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You are Viewing an Archived IssuePosted: 01/15/14
MAKING SAUERKRAUT. At left, a group sits around getting their sauerkraut ready for curing with homemade pestles and buckets. Clockwise from lower left, Lauren White, Jan White, Tom Lindberg, Kerry Simonetti and Mark White. Above, organizers, from left, Jeff Mulholland, George VanHoutte and Henry BeBlouw.
(Observer photos by Linda Lindberg)
Hundreds gather for
8th sauerkraut festival
by CHRIS GRAYGeorge VanHoutte, a farmer out of Armada, said for the past seven years he has held small gatherings at his farm to make sauerkraut.
Observer Staff Writer
He never thought the humble tradition would lead to an all-day event at an orchard that draws in a thousand people and raises money for local veterans.
"We had a bunch of new people this year, a lot of families came with their kids," he said. "There were a couple of people who drove by and saw it and stopped in."
The 8th annual event, held on Jan. 4, was moved from VanHoutte's farm to Miller's Big Red Orchard on 32 Mile Road to accommodate for the hundreds of families and individuals that wanted to take home a bucket of homemade sauerkraut.
Sauerkraut (which translates to "sour cabbage") is made up of finely shredded fermented cabbage and is known for its sour flavor and long shelf life. VanHoutte said the nutritious food can be part of a healthy diet and even prevent certain diseases.
"There are a couple of reasons why we have it on the first Saturday of every year," he said. "One main reason is because it's our off-time, but that is also when people are thinking about eating healthier."
The tradition started with an idea amongst VanHoutte and a dozen of his workers to use up an extra skid of cabbage. People would hear about it and join, causing it to swell year after year. At first, participants would shred the cabbage by hand, but VanHoutte later invested in a machine that does it for them.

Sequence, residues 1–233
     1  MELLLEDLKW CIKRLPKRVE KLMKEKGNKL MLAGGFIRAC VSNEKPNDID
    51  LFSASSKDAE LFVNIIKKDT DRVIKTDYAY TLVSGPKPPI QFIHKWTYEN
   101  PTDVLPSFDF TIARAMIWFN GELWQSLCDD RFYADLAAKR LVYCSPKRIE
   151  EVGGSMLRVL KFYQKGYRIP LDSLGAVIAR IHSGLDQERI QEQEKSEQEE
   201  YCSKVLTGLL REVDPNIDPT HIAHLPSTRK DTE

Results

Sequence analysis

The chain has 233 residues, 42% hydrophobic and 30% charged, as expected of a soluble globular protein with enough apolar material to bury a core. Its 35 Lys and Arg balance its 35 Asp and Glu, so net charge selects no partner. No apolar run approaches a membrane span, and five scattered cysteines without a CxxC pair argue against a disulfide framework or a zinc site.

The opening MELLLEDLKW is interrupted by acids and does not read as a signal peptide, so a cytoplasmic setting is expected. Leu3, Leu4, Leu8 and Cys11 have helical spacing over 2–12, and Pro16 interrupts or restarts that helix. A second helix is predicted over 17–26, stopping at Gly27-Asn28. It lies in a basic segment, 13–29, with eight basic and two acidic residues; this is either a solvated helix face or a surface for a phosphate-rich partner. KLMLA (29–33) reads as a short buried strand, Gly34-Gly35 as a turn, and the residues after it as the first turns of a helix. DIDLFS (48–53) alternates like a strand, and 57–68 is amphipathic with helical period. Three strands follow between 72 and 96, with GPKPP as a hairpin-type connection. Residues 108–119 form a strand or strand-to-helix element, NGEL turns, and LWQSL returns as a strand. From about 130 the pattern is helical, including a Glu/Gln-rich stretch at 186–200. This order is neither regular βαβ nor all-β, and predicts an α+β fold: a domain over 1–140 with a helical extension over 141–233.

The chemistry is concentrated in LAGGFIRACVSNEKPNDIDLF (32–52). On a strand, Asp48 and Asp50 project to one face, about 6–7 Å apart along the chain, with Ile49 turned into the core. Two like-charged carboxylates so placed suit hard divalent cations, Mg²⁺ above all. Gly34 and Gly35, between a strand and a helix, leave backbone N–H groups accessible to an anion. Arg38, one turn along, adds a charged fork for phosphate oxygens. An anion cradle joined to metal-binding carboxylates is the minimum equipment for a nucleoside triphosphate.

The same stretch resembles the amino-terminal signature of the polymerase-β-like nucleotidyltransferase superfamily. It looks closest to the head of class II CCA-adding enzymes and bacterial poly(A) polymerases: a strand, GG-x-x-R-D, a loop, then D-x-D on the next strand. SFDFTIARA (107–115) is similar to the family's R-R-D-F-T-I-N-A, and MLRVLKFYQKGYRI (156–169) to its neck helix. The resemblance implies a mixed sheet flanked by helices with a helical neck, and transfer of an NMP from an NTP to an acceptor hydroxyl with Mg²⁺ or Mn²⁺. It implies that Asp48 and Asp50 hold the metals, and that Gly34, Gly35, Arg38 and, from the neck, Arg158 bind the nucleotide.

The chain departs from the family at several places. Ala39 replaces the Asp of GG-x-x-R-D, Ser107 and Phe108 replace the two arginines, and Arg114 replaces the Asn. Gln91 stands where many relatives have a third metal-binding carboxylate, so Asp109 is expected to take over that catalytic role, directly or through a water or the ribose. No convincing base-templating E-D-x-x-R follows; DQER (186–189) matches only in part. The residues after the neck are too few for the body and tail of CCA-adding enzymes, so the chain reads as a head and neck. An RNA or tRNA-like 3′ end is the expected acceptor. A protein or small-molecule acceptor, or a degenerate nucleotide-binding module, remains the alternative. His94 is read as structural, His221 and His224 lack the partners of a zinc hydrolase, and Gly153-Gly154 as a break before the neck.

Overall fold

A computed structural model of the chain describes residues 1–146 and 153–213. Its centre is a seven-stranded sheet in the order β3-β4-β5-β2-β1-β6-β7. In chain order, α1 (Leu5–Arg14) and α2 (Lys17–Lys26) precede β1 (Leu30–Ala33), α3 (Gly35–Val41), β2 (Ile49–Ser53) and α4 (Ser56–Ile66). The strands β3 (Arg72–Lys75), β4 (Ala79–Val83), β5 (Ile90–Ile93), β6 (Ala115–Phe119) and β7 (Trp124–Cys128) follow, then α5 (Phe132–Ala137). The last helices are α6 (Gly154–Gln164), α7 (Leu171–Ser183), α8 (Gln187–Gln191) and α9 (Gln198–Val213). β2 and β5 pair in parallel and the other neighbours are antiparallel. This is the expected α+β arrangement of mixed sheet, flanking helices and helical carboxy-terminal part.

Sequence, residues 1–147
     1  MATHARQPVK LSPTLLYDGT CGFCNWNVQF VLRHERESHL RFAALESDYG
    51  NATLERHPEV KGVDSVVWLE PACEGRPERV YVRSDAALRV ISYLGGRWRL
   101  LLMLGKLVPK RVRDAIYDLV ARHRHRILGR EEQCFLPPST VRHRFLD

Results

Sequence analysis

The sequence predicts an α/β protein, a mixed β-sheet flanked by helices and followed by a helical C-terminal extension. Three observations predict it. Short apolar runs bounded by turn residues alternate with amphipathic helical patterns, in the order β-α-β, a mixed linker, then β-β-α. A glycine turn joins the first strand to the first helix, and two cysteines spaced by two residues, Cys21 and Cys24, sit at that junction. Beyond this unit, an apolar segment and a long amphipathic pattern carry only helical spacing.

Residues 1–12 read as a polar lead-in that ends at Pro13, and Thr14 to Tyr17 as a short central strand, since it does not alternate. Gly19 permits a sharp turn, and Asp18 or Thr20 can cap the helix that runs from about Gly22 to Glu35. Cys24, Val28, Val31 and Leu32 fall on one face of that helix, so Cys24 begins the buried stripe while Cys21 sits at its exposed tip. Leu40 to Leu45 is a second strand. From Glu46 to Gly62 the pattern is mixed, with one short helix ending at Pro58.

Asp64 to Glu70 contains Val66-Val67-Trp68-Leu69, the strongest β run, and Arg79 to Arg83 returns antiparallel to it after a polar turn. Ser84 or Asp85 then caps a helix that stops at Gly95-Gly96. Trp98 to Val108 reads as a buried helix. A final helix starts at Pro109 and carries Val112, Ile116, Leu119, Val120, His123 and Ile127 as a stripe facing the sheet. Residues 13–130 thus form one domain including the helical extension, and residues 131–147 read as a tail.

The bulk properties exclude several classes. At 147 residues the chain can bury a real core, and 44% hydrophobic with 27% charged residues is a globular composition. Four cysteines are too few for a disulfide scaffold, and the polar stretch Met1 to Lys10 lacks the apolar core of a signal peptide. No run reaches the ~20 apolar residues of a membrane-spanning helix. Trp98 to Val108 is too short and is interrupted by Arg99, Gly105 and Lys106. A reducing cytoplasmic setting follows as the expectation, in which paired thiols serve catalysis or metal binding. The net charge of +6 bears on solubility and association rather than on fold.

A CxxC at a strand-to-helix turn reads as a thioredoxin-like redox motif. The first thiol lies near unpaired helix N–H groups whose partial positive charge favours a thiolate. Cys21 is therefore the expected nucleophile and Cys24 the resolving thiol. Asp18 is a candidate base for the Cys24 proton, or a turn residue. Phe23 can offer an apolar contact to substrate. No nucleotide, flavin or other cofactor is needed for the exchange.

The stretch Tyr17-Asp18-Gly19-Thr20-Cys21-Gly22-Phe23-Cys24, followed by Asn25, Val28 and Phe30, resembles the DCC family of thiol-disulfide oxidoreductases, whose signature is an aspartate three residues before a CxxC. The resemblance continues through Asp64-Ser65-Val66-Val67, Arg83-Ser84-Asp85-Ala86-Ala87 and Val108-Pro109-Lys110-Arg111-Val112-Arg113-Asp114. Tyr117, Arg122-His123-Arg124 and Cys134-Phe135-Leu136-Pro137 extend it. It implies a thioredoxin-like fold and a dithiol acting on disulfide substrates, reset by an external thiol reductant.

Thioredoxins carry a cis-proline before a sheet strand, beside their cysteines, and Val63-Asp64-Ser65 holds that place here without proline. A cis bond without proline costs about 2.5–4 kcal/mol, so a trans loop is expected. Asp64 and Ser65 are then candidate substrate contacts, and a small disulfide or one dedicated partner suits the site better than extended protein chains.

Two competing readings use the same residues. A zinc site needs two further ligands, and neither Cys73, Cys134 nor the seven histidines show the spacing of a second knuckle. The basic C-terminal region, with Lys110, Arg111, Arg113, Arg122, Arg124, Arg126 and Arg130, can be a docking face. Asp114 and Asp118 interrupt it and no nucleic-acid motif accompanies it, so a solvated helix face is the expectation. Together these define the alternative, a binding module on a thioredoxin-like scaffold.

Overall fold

To give an idea of the amount of people that participated, VanHoutte said this year's event went through 14,000 pounds of cabbage, which his farm donated along with salt.
"It's the type of food you don't need to refrigerate, you can freeze it, can it, it's kind of a survival food," he said.
The event was free, but donations were accepted that were given to the VFW Post #2052. VFW members also sold beer during the event as a fundraiser.
Jeff Mulholland, a partner at Miller's Big Red Orchard, said they were glad to host the event, which he said lasted from 1 p.m. to 10 p.m. He said they hope to expand upon it next year.
"It's gone from having a house party kind of event at someone's residence to being something more than that," he said. "Some people spent a couple of hours there."
Mulholland said the event has inspired the orchard to look at creating other food festivals throughout the year, such as partnering with Garden Fresh Salsa for a summer salsa festival or a corn festival with local farmers.
"We've met with a lot of other local people and business people that want to do some things," he said.
VanHoutte said he would like to continue the sauerkraut festival as well, especially if the VFW wants to remain involved.
Buckets to hold the sauerkraut were provided by Garden Fresh Salsa.